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Are there any 6551 ACIA jocks in the house? Or anyone have a CBM +4?


For no particular reason, I'd like to finish up a problem I discovered 30 years ago, but never did anything about fixing.  It involves the Commodore Plus/4 computer, which some may recall was the only CBM computer that had a real 6551 ACIA instead of bit-banging RS232.  Because of a programming error in rom, null bytes could not be received.  Any null byte coming in from the modem would be added to the input queue as a duplicate of the most recent non-null byte.  That would make file transfers virtually impossible.

In addition, the rom provides for a single-byte transmit queue, and if my understanding of the 6551 interrupt process is correct, there would be back-to-back double interrupts generated for each transmitted byte.  And finally, transmit interrupts are left running all the time, which at high baud rates would leave the computer little time to do anything else.

Of course nobody is still using a Plus/4 (never did really), but I was curious whether I could write an alternate IRQ servicing routine that would solve these problems.  Just because.  Anyway, I have a couple of test programs I need somebody to run on a Plus/4 for me and report the results.

It's amazing to me that CBM went to such trouble and expense to include a 6551 in this machine, but did such a lousy job in the servicing code.  It's as though they never even tested it.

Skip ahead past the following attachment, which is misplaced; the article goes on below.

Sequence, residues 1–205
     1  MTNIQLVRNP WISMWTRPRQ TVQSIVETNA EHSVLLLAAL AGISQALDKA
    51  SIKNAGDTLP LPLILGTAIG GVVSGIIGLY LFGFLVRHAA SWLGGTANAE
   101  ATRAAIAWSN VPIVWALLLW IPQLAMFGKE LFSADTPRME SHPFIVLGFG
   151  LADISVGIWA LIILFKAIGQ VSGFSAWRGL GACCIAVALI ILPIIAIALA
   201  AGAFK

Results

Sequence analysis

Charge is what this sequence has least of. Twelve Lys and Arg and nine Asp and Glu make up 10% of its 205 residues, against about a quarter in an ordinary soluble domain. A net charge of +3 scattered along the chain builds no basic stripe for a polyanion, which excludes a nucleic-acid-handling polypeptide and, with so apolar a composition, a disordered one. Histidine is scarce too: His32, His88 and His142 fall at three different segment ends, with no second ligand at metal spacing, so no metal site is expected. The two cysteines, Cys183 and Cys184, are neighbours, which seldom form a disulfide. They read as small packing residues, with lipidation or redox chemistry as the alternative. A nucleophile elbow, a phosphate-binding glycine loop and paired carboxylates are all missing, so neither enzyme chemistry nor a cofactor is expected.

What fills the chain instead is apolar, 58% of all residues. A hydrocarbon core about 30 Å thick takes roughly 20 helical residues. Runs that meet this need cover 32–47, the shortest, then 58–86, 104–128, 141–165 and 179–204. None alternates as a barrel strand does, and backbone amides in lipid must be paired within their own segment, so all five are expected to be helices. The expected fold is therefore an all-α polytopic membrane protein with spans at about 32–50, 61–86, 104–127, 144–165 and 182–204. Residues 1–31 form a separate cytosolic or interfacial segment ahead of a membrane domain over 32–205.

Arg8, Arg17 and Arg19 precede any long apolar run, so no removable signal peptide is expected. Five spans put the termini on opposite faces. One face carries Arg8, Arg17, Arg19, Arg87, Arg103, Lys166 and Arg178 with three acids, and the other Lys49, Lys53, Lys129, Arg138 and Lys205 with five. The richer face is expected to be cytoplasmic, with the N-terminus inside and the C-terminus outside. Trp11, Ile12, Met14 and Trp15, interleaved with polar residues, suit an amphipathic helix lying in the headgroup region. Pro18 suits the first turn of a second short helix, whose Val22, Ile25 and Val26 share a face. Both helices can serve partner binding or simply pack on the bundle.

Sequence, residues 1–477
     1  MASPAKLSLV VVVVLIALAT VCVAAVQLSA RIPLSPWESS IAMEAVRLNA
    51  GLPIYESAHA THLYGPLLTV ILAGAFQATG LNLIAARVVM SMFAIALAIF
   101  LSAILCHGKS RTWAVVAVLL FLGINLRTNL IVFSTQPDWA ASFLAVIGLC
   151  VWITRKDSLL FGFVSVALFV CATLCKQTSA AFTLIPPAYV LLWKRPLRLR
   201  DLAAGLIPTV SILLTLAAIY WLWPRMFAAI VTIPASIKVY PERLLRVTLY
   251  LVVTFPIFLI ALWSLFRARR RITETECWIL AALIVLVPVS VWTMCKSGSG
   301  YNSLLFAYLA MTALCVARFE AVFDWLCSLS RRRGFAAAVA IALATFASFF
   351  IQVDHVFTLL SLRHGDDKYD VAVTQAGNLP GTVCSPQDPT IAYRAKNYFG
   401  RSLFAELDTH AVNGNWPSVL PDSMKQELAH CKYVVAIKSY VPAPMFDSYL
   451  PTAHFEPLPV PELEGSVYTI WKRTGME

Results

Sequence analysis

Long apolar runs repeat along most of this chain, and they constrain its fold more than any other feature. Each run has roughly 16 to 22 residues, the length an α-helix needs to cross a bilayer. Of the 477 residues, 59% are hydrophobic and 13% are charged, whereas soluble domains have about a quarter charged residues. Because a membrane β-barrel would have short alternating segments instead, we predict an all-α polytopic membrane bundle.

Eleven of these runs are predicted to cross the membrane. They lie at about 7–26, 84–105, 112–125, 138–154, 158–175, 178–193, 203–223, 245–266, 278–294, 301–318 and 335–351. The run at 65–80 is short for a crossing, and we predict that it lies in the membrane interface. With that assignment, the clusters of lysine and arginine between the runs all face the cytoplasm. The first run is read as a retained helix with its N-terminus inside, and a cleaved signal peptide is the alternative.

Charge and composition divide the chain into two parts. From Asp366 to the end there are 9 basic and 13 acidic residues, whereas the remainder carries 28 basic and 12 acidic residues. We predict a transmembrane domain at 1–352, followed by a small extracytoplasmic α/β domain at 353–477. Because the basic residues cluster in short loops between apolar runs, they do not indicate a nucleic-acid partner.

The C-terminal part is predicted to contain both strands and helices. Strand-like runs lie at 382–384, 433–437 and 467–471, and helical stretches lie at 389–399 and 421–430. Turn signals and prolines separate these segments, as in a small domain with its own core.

Alex Eisenhut:
The whole TED series is amazing, in the sense of "what were they thinking"?

I have a Plus/4 as well, I bought it off eBay a few years ago, it arrived not working and I repaired it.

I am planning on trying out the ACIA at some point and would be very interested in finding out all the weirdness there.

Does the +4 have various ROM revisions like a 64?

My understanding is that the only variants of the +4 and C16 roms were the different kernals for NTSC and PAL.  But those differed by only a few bytes.  However, I'm sure there have been modifications in the +4 community over the years, just like with the C64.  There's a website dedicated to the +4, complete with active forum:

Steven Combs also has an 8-part series on the +4 on Youtube, starting with this one:

and ending with a video on connecting to a Commodore BBS using a wireless modem.  But the terminal software isn't very good.

I was able to finish my alternate IRQ ACIA servicing front end for the +4:

I think most of the terminal software that Steven reviews bring their own ACIA code, so my code wouldn't be relevant to them.  But it might improve performance for a terminal program that just uses the kernal stuff as written.  It's possible that Higgyterm for the +4 could be one of those.  Anyway, the readme.txt file on Github explains what I found, and what I fixed.  But remember that I don't have a +4, so I don't actually know if my code works.

I've been surprised at some of the sophisticated hardware that has developed in the Commodore world to replace or augment the original gear.  That's all the way from substitutes for the PLA chips to "Pi-1541" disk drives and high-speed wireless modems.  I keep thinking - why do they bother with this stuff.  But there are some dedicated retro fans out there.  And I have to admit that it was fun getting back into 6502 assembler again, if only for a little while.

Alex Eisenhut:
I like the look of the Plus/4 but I never had one back then. So I found a decent one for my collection, it does work and the better BASIC is very welcome. Recently I bought a 1551 in intact physical condition from eBay but it arrived in powder form through the miracle of UPS and poor packaging.

Good work on the ACIA code. I hope to get my Plus/4 set up sometime in the next 12 months ...


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